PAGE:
Title: Walt Whitman to John Camden Hotten, 9 March 1868
Date: March 9, 1868
Source: The transcription presented here is derived from Walt Whitman, The Correspondence, ed. Edwin Haviland Miller (New York: New York University Press, 1961–1977), 2:21–22. For a description of the editorial rationale behind our treatment of the correspondence, see our statement of editorial policy.
Location: Private collection of the William E. Barton Estate
Whitman Archive ID: prc.00020
Contributors to digital file: Kenneth M. Price, Elizabeth Lorang, Ashley Lawson, Zachary King, and Eric Conrad
March 9, 1868.
I thank you for the copy of my poems sent by you. It has just reached me. I consider it a beautiful volume. The portrait, as given in it, is, however, a marked blemish. I was thinking, if you wish to have a portrait, you might like to own the original plate of 1855 which I believe I can procure, in good order, & from which you can print a frontispice more creditable—as per impression enclosed. If so, send me word immediately. The price of the plate would probably be $40. gold—or 8 pounds. It would suit just such a volume, & would coincide entirely with the text in note & preface, as they now stand. If I receive your favorable response, I will, if possible, procure the plate, & send it to you by express—on receipt of which, & not before, you can send me the money. (I have sent to New York to see if I can procure the plate, & have not yet received any answer.)2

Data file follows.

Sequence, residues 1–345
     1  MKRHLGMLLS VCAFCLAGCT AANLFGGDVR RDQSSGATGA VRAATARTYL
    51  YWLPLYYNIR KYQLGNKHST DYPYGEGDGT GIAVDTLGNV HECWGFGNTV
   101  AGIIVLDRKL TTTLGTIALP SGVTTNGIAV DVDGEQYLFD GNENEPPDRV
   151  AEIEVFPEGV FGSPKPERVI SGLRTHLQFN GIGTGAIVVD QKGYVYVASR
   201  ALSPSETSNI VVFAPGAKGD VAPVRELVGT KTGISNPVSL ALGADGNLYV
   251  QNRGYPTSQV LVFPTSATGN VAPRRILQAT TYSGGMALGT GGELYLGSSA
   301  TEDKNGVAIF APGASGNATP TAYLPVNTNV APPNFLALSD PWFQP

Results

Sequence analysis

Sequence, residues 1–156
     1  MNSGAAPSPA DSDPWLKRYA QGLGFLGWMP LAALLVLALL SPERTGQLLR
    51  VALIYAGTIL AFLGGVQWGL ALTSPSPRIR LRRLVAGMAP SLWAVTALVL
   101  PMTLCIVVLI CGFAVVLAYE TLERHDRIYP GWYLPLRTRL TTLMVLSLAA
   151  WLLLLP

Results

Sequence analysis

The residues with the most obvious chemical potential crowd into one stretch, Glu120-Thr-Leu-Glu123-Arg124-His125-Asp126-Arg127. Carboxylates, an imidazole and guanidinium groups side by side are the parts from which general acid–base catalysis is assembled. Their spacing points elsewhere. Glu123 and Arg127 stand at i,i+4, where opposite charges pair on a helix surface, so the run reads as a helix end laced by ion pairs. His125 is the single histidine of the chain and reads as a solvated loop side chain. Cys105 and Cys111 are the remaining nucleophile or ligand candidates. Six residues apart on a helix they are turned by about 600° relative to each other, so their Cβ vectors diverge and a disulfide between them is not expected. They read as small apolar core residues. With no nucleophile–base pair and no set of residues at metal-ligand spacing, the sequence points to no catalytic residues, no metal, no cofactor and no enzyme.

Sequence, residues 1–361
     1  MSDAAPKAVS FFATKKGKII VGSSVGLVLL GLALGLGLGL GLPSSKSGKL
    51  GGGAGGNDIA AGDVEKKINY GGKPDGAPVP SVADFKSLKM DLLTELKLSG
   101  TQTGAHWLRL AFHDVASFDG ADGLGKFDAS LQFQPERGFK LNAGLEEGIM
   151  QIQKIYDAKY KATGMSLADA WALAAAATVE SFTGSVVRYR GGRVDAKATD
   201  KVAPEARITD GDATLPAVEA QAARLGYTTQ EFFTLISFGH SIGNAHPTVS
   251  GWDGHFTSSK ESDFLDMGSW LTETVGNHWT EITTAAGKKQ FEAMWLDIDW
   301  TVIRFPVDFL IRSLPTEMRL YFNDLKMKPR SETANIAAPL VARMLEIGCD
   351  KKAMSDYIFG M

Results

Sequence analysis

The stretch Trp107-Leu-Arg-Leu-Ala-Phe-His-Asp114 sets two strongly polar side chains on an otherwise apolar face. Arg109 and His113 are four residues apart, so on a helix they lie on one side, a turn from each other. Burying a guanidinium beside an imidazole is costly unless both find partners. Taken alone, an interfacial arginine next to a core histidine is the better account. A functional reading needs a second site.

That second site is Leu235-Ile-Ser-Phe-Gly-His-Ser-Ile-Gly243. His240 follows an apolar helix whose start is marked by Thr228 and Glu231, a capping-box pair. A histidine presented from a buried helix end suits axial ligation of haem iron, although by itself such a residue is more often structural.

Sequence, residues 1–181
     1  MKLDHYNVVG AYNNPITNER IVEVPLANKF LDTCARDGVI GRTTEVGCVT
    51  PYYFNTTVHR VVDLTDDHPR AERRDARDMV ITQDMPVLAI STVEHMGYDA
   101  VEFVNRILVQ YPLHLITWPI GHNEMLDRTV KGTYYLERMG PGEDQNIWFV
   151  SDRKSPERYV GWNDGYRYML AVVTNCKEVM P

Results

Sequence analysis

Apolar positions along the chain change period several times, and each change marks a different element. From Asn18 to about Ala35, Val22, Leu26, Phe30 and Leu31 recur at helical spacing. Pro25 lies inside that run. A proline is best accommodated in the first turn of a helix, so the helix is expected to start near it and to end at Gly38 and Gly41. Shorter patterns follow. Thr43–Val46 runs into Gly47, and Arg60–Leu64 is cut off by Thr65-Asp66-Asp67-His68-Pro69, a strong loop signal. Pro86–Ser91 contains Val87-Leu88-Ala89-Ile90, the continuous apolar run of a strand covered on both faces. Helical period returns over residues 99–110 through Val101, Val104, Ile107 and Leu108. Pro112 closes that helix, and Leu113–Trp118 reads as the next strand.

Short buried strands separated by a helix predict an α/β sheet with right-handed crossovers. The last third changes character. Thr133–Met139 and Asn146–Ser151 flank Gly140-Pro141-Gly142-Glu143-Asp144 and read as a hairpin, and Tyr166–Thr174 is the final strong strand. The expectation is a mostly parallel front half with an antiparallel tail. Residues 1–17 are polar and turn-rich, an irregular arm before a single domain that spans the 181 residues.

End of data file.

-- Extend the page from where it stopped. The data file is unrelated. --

I will thank you to convey to Mr. Swinburne my heartiest acknowledgements for the copy of William Blake, (which has reached me)—& for his kind & generous mention of me in it.3
1. Thomas Hotten (1832–1873) printed Swinburne's Poems and Ballads when another publisher withdrew after the book caused a furor. Perhaps because he had lived in the United States from 1848 to 1856, Hotten introduced to an English audience such writers as Lowell, Artemus Ward, Oliver Wendell Holmes, and Bret Harte. After his death, his business was purchased by Chatto and Windus. In his letter to Conway on December 5, 1866, O'Connor had suggested Hotten as the English publisher of Walt Whitman: "Seems to me the courage that prints Laus Veneris might dare this" (Yale). [back]
3. Swinburne, at the conclusion of William Blake: A Critical Essay (London: John Camden Hotten, 1868), 300–303, pointed out similarities between Whitman and Blake, and praised "Out of the Cradle Endlessly Rocking" and "When Lilacs Last in the Dooryard Bloom'd," which he termed "the most sweet and sonorous nocturn ever chanted in the church of the world." Included in Songs before Sunrise (1871) was his famous lyric "To Walt Whitman in America." For the story of Swinburne's veneration of Walt Whitman and his later recantation, see Harold Blodgett, Walt Whitman in England (Cornell: Cornell University Press, 1934), 103–121. [back]